The Missing #1
Young Adult, Science Fiction
Simon & Schuster
April 22, 2008
Thirteen-year-old Jonah has always known that he was adopted, and he's never thought it was any big deal. Then he and a new friend, Chip, who's also adopted, begin receiving mysterious letters. The first one says, "You are one of the missing." The second one says, "Beware! They're coming back to get you."
Jonah, Chip, and Jonah's sister, Katherine, are plunged into a mystery that involves the FBI, a vast smuggling operation, an airplane that appeared out of nowhere - and people who seem to appear and disappear at will. The kids discover they are caught in a battle between two opposing forces that want very different things for Jonah and Chip's lives.
Do Jonah and Chip have any choice in the matter? And what should they choose when both alternatives are horrifying?
I recently bought a bundle of audiobooks and Found was one of the titles I received. I wasn’t a big fan of audiobooks until I listened to the narration of this story and found myself instantly hooked. Found by Margaret Peterson Haddix is the first book in The Missing series. It’s a wonderfully crafted young adult science fiction novel about a seventh grader named Jonah Skidmore.
Jonah is an adopted child and over the course of the story, he discovers there’s more going on in his little town than meets the eye. The government is involved in something that’s out of this world. And with the help of his sister Katherine and his best friend Chip, who is also adopted, the truth about these teens’ biological parents surfaces.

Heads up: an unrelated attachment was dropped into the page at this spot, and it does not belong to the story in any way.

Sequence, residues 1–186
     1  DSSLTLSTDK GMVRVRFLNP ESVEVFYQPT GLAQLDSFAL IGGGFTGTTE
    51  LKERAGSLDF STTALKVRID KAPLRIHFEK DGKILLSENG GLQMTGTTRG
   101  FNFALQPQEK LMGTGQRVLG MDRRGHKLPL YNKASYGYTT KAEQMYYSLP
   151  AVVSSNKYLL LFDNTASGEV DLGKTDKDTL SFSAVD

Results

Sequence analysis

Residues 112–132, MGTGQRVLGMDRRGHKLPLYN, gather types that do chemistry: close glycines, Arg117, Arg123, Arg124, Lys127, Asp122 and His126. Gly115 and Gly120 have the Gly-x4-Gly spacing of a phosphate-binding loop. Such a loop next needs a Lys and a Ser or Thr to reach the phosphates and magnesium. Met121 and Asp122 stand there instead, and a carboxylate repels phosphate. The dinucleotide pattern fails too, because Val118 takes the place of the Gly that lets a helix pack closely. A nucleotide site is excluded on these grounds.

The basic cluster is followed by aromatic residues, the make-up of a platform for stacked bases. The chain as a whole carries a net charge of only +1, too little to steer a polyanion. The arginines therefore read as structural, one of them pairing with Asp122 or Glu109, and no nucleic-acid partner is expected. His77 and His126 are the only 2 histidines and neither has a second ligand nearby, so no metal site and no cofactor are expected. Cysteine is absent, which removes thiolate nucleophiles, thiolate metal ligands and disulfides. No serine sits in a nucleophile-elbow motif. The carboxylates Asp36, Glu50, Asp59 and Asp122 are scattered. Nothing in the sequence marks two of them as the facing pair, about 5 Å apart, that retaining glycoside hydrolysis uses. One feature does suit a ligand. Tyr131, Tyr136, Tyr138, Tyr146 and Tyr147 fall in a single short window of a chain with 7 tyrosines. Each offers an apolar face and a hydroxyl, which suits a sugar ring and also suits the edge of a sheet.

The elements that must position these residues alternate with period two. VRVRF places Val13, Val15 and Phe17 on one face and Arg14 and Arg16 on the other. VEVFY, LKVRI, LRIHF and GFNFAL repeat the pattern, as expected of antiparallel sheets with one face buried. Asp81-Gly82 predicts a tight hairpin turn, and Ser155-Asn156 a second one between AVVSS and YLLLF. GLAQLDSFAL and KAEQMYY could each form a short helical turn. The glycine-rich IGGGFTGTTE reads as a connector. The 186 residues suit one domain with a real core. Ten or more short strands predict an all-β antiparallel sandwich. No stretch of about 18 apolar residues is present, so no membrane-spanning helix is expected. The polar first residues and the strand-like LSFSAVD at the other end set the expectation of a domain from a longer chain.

Jonah and Chip are both thirteen and Kathrine is twelve, though she tries to act much older, but all three kids are adorable to follow along as they try to solve the mystery surrounding Jonah and Chip’s adoption. Not to mention a whole list of other children that were also adopted and tied up in a massive plot to change history.
Through their juvenile detective work, Jonah, Chip and Kathrine come in contact with FBI agents and a woman named Angela DuPre that seems to know a secret. They also meet a strange janitor that disappears through walls. There’s no magic in this story exactly.
What’s going on in these kids’ world has more to do with bending the laws of physics and time manipulation. In other words, time travel. But I don’t want to totally spoil the ending for you. I’ll just say I was surprised by the twist in the story’s plot and did not expect that Jonah and Chip’s biological parents would be from… well, you’ll have to read the book to find out.
Haddix crafts an interesting story. And though I don’t usually take an interest in young adult novels, I liked Found for its characters, storyline, and, yes, even the dialogue. The dialogue between characters is believable. The teenagers talk like teenagers and the parents sound like convincing adults, especially Jonah’s mother who fits the role of a concerned mother quite well.
I had the pleasure of listening to the audiobook version from Recorded Books with Chris Sorensen as the narrator. The only downside to the audiobook was that some of Mr. Sorenen’s portrayals of female characters came off as a little creepy.
It sounded like he struggled with producing voices for the women or younger girls at times. Other than that, the narration was solid. Sorensen did a great job as narrator and even performed convincing voices for the other various characters.
Overall, Found is a good wholesome story with an engaging plot and a surprising ending. I would definitely recommend Found to any science fiction fan. And while the story is geared towards a younger audience, it’s a great book for matures readers as well.